Literature, Social Justice, and Change

full name / name of organization: 
Canadian Applied Literature Association (CALA)

The Canadian Applied Literature Association (CALA) in conjunction with the 2012 Congress of the Humanities and Social Sciences invites your participation in our annual conference:

Literature, Social Justice, and Change

May 29th-30th, 2012
Wilfrid Laurier University and University of Waterloo, Ontario, Canada

An academic association committed to exploring the critical, activist, pedagogical, and therapeutic applications of literature and story, CALA seeks proposals for papers, panels, and workshops that address the political and social justice applications of literature in all its forms: fiction, non-fiction, poetry, film, theatre, performance and visual arts, and oral storytelling.

We are particularly interested in hearing from scholars, activists, and storytellers who use literature in academic, classroom, or community contexts in order to represent, imagine, theorize, or incite social change. Rejoining Creek-Cherokee scholar Craig Womack's imperative to "examine the frustrating challenge of relating literature to the real world in hopes of seeing social change in our lifetimes," we wonder: what role can literature play in understanding or promoting social justice and change? Can literature not only represent but also re-imagine the terms upon which we engage in political activism? What is the cultural role of story in articulating claims for justice and reconciliation? What are the pedagogical implications for seeing literature as a form of social justice and activism?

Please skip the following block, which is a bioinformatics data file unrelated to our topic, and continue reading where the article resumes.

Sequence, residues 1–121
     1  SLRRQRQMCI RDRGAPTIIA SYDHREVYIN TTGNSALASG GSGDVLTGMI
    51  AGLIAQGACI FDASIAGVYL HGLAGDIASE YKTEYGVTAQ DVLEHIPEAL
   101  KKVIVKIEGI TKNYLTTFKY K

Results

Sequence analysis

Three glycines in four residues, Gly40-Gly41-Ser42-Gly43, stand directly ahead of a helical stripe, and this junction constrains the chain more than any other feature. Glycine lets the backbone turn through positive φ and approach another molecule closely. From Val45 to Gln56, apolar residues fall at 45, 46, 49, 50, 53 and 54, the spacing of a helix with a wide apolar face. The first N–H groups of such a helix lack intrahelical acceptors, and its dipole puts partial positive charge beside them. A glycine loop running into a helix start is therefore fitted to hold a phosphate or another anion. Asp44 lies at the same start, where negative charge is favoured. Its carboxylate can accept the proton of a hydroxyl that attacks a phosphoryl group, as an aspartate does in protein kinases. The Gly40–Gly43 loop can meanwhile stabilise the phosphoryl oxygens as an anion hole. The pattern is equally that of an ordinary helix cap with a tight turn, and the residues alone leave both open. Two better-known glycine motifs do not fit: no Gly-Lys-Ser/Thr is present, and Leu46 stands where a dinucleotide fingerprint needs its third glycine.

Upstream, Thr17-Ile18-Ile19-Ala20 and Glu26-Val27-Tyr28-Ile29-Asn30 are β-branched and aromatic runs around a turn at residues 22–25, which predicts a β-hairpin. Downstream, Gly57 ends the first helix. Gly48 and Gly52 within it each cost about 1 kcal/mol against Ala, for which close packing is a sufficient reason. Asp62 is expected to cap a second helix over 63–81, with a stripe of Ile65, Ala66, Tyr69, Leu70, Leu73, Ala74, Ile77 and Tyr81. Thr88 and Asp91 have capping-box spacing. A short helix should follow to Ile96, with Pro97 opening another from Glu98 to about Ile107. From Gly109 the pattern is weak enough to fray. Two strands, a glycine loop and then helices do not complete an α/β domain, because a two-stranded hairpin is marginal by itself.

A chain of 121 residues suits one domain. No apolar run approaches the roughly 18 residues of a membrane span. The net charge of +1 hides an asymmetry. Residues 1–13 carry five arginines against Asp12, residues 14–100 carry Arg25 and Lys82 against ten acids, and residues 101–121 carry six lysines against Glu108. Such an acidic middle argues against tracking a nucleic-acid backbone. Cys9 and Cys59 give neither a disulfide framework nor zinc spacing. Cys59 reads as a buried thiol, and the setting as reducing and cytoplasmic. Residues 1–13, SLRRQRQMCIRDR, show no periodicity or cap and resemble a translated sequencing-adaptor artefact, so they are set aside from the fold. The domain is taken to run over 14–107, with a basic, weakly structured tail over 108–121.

CALA invites you to submit a 300-word proposal. Your submission should be accompanied by a title page containing the following information: name, title of your paper, full mailing address, e-mail, and phone number. In your proposal, please outline your presentation plan and any audio-visual and space needs. The deadline for proposals is Friday, December 2nd, 2011.

Please submit proposals and a 50-word biography to Michelle Coupal, Department of English, University of Western Ontario, and Allison Hargreaves, Assistant Professor, Department of Critical Studies, University of British Columbia Okanagan Campus,